Simply deleting a file on your hard drive does not mean that it is gone forever. Deleting only tells the hard drive that the space if freed up and can be used. The data can still be retrieved. The only way to insure that hackers or anyone else can get at the deleted files is to destroy the physical drive. When you upgrade equipment, such as computers, remember to destroy the old drives. But computers aren’t the only drives that you should worry about. The copier has a hard drive as well. Think about what else in the office might have data on it and secure it.

  • Back up your files

Keep copies of your data separate from your original files. Whether online in the cloud or offline at separate site from the original, always backup your data. It is best to have it backed up on the cloud and offline in another location. This way, if you are hacked or data gets lost, you will have a much better idea of what is missing and be able to get it back.

Cyber security is a big deal, and a big job. But it is never foolproof. You have to stay vigilant and uncompromising in your security measures. Don’t let hackers take what you’ve worked so hard to build. With ransomware and other cyber-attacks happening more frequently than ever before in 2017, you want to start 2018 off on the right foot.

Give Imagis a call at 888-526-4283 and let one of our consultants show you how to build a better security framework

Why You Need to Create a Business Continuity Plan

Data loss is always a concern for businesses, and now with cloud storage there is more concern than ever that data stored there could be stolen or lost. “It can’t/won’t happen to me” attitudes among small businesses could end in disaster, costing these business owners a pretty penny.

Lost profits, lost productivity and damage to your businesses reputation are just a few things that could come from loss of data…and those are the best-case scenarios. Small businesses can’t afford to lose data. Almost 60% of small businesses go under within six months of a major data loss.

The good news is that a majority of small businesses already backup their data, whether it is locally, on the cloud or both. To prevent a catastrophic loss of data, it is important that you follow some simple guidelines to preserve your data. Backup the data for starters, preferably on a daily basis, but at least a couple times a week. You also want to have a Business Continuity Plan in place.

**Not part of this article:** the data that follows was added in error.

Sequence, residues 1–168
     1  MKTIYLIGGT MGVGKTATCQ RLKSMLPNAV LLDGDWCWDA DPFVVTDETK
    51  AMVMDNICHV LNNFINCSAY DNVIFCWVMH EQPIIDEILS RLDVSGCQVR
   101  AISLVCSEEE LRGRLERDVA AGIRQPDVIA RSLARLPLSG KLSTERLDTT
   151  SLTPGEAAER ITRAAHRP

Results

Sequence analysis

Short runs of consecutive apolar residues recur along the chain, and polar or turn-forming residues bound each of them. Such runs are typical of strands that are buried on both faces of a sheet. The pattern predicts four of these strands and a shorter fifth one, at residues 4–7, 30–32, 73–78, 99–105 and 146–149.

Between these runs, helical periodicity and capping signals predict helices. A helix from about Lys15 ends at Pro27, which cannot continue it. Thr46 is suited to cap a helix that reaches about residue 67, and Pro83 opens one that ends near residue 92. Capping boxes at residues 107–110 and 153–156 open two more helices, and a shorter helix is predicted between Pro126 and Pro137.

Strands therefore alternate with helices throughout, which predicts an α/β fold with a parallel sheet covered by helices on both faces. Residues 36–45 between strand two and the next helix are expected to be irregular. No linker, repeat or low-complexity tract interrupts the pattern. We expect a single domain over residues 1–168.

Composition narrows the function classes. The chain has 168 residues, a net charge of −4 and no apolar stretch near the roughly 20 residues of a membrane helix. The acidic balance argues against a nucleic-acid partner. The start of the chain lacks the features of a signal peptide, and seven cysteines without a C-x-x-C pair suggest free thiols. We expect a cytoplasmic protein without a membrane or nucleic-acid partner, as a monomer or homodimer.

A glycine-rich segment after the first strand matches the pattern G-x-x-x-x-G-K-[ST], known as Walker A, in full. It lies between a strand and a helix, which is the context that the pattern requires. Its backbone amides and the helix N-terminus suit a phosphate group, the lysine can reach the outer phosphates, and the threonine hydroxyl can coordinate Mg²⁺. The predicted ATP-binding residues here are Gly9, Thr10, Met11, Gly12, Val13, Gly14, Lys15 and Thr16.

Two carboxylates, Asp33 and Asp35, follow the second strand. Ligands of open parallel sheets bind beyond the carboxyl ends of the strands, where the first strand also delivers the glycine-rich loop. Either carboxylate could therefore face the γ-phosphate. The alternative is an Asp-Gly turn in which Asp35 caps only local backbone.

A Business Continuity Plan is a process put in place to respond to any catastrophic loss of data with a documented and clear set of plans to recover that data. The plan includes step-by-step instructions how to recover the loss and get your network or system up and running as swift as possible to avoid a major loss in productivity or revenue, and get back to work.

Your data recovery analysis should include hiring a Managed Service Provider for your IT recovery needs. They are specially qualified to handle data recovery and to get your business back up and running after an IT disaster better than you are. They will help with the analysis and show you the best way to safeguard your data so that, in the event of a catastrophe, they can help get that data back.

What can cause your data to be lost? There are a few main causes for the loss of important data, including:

  • Hackers – A lot of times data loss is due to poor cybersecurity. Without the right preventative measures in place, hackers can infect a system with ransomware and compromise all of your files. Ransomware is likely today’s biggest threat to your data. You hear about it everywhere, including how to defend against it before they get in and take over your files. You don’t want that ransom note.
  • Human Error – Backing up files, moving files and deleting old files is something that we do every day as part of our business routine. So it is inevitable that we accidently delete the wrong files or backup an outdated version of a file. Human error is inevitable so have a plan in place for when this happens to you.